- In just a few years since oat milk first appeared on grocery store shelves, it has become the second most popular plant-based milk, according to sales statistics from SPINS reported by Food Navigator. Oat milk sales represent a total of $213.35 million in the 52 weeks before Sept. 6 — an increase of 350.8% from a year ago for refrigerated varieties and 106.4% for shelf-stable products.
- The most popular plant-based milk is almond milk, which has 63% of the total market. Almond milk sales were worth $1.497 billion in that same 52-week period. Soy milk, with $202.25 million in sales, was edged out of second place by oat milk.
- Plant-based milk has been steadily growing and represented 14% of the milk category last year, according to statistics from the Plant Based Foods Association. Sales of plant-based milk grew 5% in 2019, while sales of dairy milk were relatively flat.
In today's food trends, it doesn't get hotter than oat milk.
The allergy-friendly beverage has seen sales jump during the last year. According to SPINS, oat milk sales have grown 293.7% in the natural enhanced retailer channel, and 345.2% at conventional retailers.
Consumers have become enamored by the taste, similarity to dairy milk, health halo and sustainability features of oat milk. The beverage made from the popular grain can foam and mix like dairy milk, and proponents say it is the most sustainable dairy alternative. Switching from cow’s milk to oat milk can save up to 73% of carbon dioxide emissions, and oats are a sustainable crop that aren't associated with deforestation or excessive need for water, Oatly's former U.K. head David Peters wrote in a piece for Vegconomist.
Oatly, the Swedish brand that was a first mover in the oat milk market, helped launch the massive trend. The company, which currently makes only oat-based dairy products — milk, creamers, yogurt and ice cream — is said to be considering a U.S. IPO next year, which could value the company at $5 billion. During the summer, it sold a $200 million stake to a group of investors, including Blackstone Growth, Oprah Winfrey, Natalie Portman and former Starbucks CEO Howard Schultz.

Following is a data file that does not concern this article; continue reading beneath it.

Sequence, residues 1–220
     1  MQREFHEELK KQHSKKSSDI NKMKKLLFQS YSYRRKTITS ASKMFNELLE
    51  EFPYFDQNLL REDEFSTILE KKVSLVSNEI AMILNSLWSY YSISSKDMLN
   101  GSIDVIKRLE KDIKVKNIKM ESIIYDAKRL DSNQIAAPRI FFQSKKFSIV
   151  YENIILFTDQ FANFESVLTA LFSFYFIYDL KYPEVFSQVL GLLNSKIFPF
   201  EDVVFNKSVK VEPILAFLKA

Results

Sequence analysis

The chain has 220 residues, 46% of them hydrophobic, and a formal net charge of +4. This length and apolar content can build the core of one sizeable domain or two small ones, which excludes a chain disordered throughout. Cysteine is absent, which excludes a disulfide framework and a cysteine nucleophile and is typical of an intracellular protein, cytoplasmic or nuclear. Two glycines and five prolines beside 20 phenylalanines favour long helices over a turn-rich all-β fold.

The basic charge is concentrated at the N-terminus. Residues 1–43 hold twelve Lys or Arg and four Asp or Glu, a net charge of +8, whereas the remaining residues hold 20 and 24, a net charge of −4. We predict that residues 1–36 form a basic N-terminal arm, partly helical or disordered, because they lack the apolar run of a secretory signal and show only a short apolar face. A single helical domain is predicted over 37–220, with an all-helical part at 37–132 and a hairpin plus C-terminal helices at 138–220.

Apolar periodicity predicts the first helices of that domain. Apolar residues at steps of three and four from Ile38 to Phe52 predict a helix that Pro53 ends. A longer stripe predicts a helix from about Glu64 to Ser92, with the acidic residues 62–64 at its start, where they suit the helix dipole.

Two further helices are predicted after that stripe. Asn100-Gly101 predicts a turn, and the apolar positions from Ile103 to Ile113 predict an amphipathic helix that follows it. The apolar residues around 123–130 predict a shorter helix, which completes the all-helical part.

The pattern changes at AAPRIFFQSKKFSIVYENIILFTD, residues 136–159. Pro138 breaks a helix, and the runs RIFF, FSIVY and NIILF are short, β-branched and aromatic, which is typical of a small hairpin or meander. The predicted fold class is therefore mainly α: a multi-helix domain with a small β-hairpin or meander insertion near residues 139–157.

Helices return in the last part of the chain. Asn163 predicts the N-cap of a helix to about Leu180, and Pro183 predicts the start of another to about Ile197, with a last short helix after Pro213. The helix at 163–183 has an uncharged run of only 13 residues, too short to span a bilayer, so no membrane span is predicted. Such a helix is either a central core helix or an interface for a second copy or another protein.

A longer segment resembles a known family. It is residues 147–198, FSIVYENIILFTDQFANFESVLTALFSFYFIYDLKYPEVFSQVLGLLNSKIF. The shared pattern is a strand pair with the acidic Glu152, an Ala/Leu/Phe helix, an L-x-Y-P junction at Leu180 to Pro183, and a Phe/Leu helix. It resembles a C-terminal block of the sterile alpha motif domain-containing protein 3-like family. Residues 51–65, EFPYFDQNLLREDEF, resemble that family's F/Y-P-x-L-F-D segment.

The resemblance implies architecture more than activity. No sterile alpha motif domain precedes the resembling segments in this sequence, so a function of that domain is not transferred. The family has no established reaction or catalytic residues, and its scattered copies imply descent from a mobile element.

And Oatly is poised to be able to produce more of the products the U.S. is buying up. Last year, Oatly opened a factory in New Jersey that makes 750,000 gallons of oat base — the sticky liquid that is the base for all of its products — each month. Earlier this year, Oatly opened another factory in Utah. And the company this summer leased a property in Philadelphia to become a U.S.-based research and development lab.
But Oatly is far from the only player in the U.S. oat milk market. Danone, Chobani, Nesquik and Califia Farms have all come out with oat milk versions of beverages and products. As an ingredient, oat milk has been used in energy drinks, beer and chocolate.
It's hard to say if oat milk will dethrone almond milk, the reigning champion of dairy alternatives. Almond milk first topped plant-based dairy sales in 2013, also surpassing soy milk. Consumers like its taste and texture, as well as almond milk's relatively low amounts of calories, fat and carbohydrates.
Almond milk does carry significant sustainability concerns, however. Most almonds are grown in California, and it takes a lot of water to grow each nut. Researchers have found an individual almond takes a gallon of water to reach maturity. There are about four or five almonds in a cup of almond milk. While this sounds very water intensive, almond milk is probably less of an environmental hazard than conventional cow-based dairy, activists say.
Oat milk, on the other hand, performs extremely well on sustainability calculators because oats are not as water intensive to grow. Oat milk also ranks high on two important nutrients today: protein and fiber. And it's allergy friendly. Tree nuts and soy are among the most common food items that U.S. consumers are allergic to.
All of these factors combined — taste, performance, nutrition, sustainability and hype — have succeeded in catapulting oat milk among the top of the dairy alternative category. As far as whether it stays there has a lot to do with the segment as a whole. As long as more consumers keep reaching for plant-based milks — and manufacturers keep oat milk on the shelves — it's bound to maintain its popularity.